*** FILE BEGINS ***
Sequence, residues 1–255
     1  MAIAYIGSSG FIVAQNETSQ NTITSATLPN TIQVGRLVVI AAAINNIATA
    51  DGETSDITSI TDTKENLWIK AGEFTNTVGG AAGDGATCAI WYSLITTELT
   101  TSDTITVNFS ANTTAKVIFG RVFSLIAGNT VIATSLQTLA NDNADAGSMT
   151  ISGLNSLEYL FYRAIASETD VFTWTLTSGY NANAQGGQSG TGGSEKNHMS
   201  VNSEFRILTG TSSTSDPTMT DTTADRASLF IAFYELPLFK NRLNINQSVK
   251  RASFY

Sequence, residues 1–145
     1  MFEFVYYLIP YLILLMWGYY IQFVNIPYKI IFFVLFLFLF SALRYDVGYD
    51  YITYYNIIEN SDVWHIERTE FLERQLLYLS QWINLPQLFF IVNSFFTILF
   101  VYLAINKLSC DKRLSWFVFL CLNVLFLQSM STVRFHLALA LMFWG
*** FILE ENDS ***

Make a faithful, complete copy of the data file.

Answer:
Sequence, residues 1–255
     1  MAIAYIGSSG FIVAQNETSQ NTITSATLPN TIQVGRLVVI AAAINNIATA
    51  DGETSDITSI TDTKENLWIK AGEFTNTVGG AAGDGATCAI WYSLITTELT
   101  TSDTITVNFS ANTTAKVIFG RVFSLIAGNT VIATSLQTLA NDNADAGSMT
   151  ISGLNSLEYL FYRAIASETD VFTWTLTSGY NANAQGGQSG TGGSEKNHMS
   201  VNSEFRILTG TSSTSDPTMT DTTADRASLF IAFYELPLFK NRLNINQSVK
   251  RASFY

Sequence, residues 1–145
     1  MFEFVYYLIP YLILLMWGYY IQFVNIPYKI IFFVLFLFLF SALRYDVGYD
    51  YITYYNIIEN SDVWHIERTE FLERQLLYLS QWINLPQLFF IVNSFFTILF
   101  VYLAINKLSC DKRLSWFVFL CLNVLFLQSM STVRFHLALA LMFWG